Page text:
The number of interviews he has done is impressive: a dozen books dedicated to the interviews have been published so far, not counting the numerous interviews published in books and magazines. Nonetheless, it is the diversity of the personalities with whom Takemitsu has interviewed that makes this corpus unique and not their sheer amount. Here are a few names: the composers John Cage, Iannis Xenakis et György Ligeti; “classical” musicians Seiji Ozawa, Simon Rattle and Michel Béroff ; jazz musicians George Russell, Keith Jarrett et Toshiko Akiyama ; rock musician David Sylvian ; traditional Japanese musicians Watazumi Dōso (shakuhachi) and Seigō Tsutsumi (biwa) ; sculptor Isamu Noguchi; writers Kōbō Abe and Kenzaburō Ōe; poet Shuntarō Tanikawa; film-maker Akira Kurosawa; film critic Shigehiko Hasumi; and psychiatrist Bin Kimura. This list testifies to the many and diverse friendships Takemitsu has had throughout his career, as most of his interlocutors are either people with whom he has carried out projects (Ozawa, Rattle, Kurosawa, Abe, Ōe and Tanikawa) or artists who have influenced his thinking and music (Cage, Ligeti, Russell, Noguchi).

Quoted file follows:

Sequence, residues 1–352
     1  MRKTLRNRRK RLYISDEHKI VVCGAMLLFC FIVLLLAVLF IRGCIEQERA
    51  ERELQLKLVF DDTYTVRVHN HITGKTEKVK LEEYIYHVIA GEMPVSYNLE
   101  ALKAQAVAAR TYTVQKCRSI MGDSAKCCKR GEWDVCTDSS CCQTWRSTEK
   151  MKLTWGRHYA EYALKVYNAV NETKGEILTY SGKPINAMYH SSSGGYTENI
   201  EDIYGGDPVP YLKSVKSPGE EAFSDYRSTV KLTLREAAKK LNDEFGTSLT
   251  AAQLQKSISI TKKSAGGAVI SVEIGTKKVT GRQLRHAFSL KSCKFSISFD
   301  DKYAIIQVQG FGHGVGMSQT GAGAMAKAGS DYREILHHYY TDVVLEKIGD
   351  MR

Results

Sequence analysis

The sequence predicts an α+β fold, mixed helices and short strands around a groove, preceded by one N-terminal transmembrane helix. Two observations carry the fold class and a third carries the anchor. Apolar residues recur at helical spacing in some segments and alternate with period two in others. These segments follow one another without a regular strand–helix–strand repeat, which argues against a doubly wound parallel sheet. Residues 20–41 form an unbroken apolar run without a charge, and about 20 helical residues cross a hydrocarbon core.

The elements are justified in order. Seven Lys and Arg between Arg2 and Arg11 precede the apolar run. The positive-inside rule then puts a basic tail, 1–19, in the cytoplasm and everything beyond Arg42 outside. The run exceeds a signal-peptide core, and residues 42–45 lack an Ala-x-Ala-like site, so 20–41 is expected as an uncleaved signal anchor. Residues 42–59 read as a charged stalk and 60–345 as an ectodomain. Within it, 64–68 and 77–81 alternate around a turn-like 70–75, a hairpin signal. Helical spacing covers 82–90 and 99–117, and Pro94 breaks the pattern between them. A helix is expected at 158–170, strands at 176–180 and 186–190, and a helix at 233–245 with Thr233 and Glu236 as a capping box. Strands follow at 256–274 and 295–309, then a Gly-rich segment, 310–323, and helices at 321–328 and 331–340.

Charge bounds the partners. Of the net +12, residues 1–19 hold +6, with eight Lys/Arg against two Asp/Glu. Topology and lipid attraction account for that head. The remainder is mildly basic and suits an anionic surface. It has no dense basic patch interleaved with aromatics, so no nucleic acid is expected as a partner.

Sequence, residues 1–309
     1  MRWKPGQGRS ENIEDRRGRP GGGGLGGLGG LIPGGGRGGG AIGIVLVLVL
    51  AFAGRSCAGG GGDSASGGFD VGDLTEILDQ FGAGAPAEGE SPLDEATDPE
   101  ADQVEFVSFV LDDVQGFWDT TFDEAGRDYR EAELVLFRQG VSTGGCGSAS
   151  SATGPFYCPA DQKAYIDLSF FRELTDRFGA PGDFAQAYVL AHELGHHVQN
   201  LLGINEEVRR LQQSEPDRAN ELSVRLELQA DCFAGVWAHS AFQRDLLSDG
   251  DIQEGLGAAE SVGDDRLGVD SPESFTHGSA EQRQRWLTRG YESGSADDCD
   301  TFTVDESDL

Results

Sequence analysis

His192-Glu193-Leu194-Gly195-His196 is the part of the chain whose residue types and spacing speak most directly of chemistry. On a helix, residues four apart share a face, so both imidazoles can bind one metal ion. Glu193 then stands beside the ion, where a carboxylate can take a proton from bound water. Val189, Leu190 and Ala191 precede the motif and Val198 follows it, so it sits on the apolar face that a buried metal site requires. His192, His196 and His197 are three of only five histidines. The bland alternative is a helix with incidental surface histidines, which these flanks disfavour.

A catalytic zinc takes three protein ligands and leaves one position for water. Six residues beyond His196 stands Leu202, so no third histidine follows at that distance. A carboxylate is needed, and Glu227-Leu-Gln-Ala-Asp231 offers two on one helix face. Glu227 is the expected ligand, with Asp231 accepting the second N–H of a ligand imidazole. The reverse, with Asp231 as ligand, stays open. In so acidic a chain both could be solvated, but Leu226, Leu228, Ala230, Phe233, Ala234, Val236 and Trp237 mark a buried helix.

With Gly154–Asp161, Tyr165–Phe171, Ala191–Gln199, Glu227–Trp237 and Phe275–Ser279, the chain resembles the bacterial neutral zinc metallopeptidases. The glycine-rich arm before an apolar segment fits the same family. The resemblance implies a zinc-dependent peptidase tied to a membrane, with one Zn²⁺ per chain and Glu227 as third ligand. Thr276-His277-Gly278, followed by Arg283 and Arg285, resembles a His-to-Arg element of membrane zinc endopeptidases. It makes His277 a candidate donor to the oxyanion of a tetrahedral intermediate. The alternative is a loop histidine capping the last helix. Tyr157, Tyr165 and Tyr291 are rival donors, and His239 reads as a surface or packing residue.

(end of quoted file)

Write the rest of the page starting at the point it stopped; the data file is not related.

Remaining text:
If one were to attempt a classification, most of Takemitsu's writings would fall within the genre of the essay. They deal with very diverse topics: music (Western music, traditional Japanese music, jazz...); other artistic disciplines (cinema, painting, literature...); musical and artistic personalities; nature; social problems and other more specific themes such as cooking. Takemitsu has also left behind a few literary essays In Chosakushū, there are three short-stories and seven poems. Most of these poems are in fact the lyrics of songs he created for movies or plays. His short stories describe very special worlds and are often both fictional and autobiographical.
His reflections on music are essentially aesthetic. For Takemitsu, writing is not a means of theorising or demonstration, but a means of artistic expression in the same way musical work is. Thus, he often talks about the motifs or scales used in such and such a piece, without detailing how he used them. Above all, these texts suggest a certain state of mind for listening to or playing his piece. Thus, in his texts filled with puns and metaphors, it seems that Takemitsu takes care of his writing to give the reader the possibility to interpret them in a “polysemous” way − one of the terms that appear most often in his writings.